The Office of the Secretary of State existed even before Alabama became a state. The first secretary of state, Henry Hitchcock (1818-19) served for the Alabama Territory. The secretary of state served a two-year term from the time Alabama became a state in 1819 until the Constitution of 1901 set the term at four years. Up until 1868, the secretary of state was elected by the legislature, but since that time has been selected by popular vote.
Click here for a complete listing of the men and women who have served as Alabama's secretary of state.
Today, the secretary of state runs on the same election cycle as the governor and may serve only two consecutive terms before having to vacate the office for at least one term. If a secretary of state resigns or dies, the governor appoints someone to serve for the remainder of the term.
Minimum requirements for the job are that the secretary of state be at least 25 years old, a registered voter, a resident of the state for five years and a United States citizen for seven years.
State law gives the secretary of state more than 1,000 different duties and virtually all of them involve processing and filing documents that are public records. Many of the documents must have the Great Seal of Alabama affixed in order to make them official.
Approximately 500,000 documents are stored in the Office of the Secretary of State, and they basically fall into four categories: executive, legislative, elections and business.
In order to keep up with the public demand for access to these records, the office uses extensive computer and information technology. The Alabama Secretary of State's Office was one of the first in the nation to successfully store and retrieve the records on an optical disk. Almost all records are now available to businesses online.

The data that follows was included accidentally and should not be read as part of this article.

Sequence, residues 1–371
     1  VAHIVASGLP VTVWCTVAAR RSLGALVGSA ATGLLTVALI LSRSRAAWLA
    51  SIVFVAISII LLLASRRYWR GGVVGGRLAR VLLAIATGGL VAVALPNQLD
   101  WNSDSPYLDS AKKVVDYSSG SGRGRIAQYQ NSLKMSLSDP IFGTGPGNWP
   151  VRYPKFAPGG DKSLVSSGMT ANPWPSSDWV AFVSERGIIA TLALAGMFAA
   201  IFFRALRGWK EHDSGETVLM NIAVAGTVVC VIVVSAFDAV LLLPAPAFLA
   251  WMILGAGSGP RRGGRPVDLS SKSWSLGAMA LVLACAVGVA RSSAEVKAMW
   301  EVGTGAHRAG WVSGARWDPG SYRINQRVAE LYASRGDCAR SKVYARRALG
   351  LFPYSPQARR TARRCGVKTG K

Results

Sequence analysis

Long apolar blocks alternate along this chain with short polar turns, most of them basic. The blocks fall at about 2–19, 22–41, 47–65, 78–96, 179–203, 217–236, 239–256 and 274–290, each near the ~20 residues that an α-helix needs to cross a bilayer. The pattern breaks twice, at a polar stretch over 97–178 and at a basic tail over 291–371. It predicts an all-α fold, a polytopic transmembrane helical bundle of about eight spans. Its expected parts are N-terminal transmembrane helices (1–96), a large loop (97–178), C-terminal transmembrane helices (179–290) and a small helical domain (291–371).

Many of the executive records have both the signatures of the secretary of state and of the governor because the secretary of state serves as the governor's personal notary public. When the secretary of state is witnessing the governor's signature, the Great Seal of Alabama is used as the "notary" seal. Included in this type of executive records are writs of arrest, contracts, deeds and leases. Other executive records include listings of abandoned vehicles found in the state, information on municipal incorporations, and the names of all notaries public registered in Alabama.
The secretary of state is Alabama's "Chief Election Official". The secretary of state is given many different election duties under state law. Election records include vote totals, certified ballots and records showing how much money candidates and political committees raised and spent during an election. Copies of certificates of election, commissions, and oaths of office are also on file for many elected officials.
Business records are divided into two categories: Business Services and Uniform Commercial Code (UCC).
Business Entities staff members reserve names of businesses that incorporate to do business in Alabama. The state has about 200,000 corporate filings, and staff members usually get about 300 requests each day for information in those files. The UCC Section maintains more than 220,000 financing statements that are filed by attorneys and banking institutions.